|Created||400 BC – 300 BC|
|Discovered||1949 at Panagyurishte|
|Present location||Plovdiv Regional Historical Museum|
The Panagyurishte Treasure (Bulgarian: Панагюрско златно съкровище) is a Thracian treasure excavated on 8 December 1949, by three brothers who worked together at the region of “Merul” tile factory near the town of Panagyurishte, Bulgaria: Pavel, Petko, and Michail Deikov. It consists of a phiale, an amphora and seven rhytons with total weight of 6.164 kg of 24-karat gold. All of the nine objects are richly and skilfully decorated with scenes of Thracian myths, customs and life. It is dated from the 4th-3rd centuries BC, and is thought to have been used as a royal ceremonial set by the Thracian king Seuthes III.
As one of the best known surviving artefacts of Thracian culture, the treasure has been displayed at various museums around the world. When not on a tour, the treasure is the centerpiece of the Thracian art collection of the Plovdiv Regional Historical Museum, or at the National Museum of History in Sofia. There are now three replica sets, which are displayed at the museum at Panagyurishte itself, and Sofia and Plovdiv when the real objects are lent for exhibitions elsewhere.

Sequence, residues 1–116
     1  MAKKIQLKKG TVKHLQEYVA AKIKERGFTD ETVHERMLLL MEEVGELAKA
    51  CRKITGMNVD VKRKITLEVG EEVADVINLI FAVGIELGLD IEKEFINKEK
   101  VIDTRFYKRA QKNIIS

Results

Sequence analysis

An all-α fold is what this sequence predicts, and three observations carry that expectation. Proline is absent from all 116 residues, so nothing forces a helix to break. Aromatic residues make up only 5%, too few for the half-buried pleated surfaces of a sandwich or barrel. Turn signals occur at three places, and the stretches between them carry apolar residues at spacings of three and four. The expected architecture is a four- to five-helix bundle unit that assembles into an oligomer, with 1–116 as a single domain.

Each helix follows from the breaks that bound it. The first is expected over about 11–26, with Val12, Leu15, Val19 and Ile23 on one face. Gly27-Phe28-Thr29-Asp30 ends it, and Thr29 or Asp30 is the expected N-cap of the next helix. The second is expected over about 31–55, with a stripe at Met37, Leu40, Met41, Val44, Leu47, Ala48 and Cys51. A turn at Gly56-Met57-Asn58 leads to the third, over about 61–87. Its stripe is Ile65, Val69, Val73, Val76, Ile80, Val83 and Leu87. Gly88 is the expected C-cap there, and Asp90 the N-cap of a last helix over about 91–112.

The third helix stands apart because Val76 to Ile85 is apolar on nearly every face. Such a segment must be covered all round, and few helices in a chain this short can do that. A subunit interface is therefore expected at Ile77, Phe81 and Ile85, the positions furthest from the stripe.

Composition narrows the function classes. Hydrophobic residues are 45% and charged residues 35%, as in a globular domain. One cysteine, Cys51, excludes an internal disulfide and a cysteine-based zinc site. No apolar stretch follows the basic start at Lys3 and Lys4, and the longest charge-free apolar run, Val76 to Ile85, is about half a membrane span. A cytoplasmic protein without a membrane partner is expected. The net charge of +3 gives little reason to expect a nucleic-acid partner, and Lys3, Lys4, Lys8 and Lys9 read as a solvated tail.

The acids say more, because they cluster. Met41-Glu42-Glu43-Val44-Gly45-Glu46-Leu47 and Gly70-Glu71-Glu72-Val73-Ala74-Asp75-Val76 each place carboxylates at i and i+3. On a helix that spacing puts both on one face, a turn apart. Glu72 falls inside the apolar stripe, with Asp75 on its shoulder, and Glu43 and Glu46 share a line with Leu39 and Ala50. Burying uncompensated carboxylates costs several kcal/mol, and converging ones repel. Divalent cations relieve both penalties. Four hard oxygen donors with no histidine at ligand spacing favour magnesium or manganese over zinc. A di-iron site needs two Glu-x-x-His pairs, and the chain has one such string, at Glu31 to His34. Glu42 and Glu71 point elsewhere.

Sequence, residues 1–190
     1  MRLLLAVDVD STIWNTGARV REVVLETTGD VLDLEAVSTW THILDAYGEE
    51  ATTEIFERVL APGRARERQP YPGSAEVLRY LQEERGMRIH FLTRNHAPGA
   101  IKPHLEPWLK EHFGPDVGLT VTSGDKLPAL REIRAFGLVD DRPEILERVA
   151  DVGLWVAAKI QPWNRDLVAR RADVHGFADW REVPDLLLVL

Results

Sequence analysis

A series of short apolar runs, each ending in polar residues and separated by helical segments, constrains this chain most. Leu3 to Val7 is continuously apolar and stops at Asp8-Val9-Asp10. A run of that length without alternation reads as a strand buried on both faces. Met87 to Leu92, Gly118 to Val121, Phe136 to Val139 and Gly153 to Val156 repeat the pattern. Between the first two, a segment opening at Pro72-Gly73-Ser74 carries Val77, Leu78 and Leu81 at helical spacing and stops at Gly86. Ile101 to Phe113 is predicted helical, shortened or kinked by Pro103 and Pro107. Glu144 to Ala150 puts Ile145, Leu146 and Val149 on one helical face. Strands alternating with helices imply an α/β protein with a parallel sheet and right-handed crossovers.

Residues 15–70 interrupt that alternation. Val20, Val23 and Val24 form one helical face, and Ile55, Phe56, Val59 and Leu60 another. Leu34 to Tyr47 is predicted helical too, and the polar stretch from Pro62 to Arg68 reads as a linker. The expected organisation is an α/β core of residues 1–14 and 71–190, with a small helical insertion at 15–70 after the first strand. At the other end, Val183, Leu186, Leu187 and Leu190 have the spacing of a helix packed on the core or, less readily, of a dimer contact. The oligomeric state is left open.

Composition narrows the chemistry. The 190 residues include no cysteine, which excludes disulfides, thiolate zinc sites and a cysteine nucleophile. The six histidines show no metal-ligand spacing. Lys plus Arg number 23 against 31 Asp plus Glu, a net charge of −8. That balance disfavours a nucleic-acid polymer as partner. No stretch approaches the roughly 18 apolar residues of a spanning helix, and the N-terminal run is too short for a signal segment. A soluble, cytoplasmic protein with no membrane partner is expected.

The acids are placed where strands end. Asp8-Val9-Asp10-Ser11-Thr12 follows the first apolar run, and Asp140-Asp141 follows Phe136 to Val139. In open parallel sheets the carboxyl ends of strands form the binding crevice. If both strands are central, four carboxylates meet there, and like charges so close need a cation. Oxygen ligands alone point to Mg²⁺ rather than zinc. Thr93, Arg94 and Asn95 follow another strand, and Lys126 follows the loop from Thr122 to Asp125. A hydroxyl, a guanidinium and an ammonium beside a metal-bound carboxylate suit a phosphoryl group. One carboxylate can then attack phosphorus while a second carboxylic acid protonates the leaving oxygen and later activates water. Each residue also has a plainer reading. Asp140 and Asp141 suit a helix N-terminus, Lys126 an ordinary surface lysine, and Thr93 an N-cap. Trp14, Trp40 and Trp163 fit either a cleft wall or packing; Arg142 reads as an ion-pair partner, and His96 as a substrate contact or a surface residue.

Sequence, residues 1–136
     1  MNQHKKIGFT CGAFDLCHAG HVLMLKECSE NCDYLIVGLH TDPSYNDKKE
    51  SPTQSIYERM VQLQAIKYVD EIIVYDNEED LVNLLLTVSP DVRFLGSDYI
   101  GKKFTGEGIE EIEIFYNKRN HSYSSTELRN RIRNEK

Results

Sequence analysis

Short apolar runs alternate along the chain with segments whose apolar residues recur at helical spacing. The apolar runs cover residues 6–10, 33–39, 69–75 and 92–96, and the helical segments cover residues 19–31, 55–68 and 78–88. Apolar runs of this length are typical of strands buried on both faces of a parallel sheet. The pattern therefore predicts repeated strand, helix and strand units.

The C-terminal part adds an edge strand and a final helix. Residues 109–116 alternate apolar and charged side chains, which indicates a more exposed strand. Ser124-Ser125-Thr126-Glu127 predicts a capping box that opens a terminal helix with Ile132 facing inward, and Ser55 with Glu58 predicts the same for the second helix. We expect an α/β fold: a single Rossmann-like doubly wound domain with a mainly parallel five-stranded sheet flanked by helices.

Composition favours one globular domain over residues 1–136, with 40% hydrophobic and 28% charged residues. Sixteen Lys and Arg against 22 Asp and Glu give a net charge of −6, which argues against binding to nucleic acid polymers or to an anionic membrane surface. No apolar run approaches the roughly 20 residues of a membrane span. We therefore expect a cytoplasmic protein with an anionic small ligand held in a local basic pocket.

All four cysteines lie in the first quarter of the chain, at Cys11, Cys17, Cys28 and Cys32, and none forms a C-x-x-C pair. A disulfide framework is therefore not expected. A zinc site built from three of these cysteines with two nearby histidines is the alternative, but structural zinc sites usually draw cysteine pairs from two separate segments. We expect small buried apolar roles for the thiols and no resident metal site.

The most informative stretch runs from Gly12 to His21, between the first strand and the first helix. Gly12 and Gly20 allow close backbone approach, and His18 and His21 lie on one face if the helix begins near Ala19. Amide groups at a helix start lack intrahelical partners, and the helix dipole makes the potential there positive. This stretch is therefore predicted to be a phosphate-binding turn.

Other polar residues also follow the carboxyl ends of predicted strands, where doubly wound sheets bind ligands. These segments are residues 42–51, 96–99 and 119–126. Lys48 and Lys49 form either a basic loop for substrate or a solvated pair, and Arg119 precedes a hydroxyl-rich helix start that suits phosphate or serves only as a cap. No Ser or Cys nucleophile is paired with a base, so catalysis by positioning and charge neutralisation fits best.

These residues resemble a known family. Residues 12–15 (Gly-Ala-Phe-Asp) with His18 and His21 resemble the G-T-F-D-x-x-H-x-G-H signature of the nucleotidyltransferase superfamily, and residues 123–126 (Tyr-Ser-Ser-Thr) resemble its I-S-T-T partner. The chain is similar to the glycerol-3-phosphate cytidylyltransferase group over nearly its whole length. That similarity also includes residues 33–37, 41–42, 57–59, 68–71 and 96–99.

The items may have been buried to hide them during 4th century BC invasions of the area by the Celts or Macedonians. The phiale carries inscriptions giving its weight in Greek drachmae and Persian darics.
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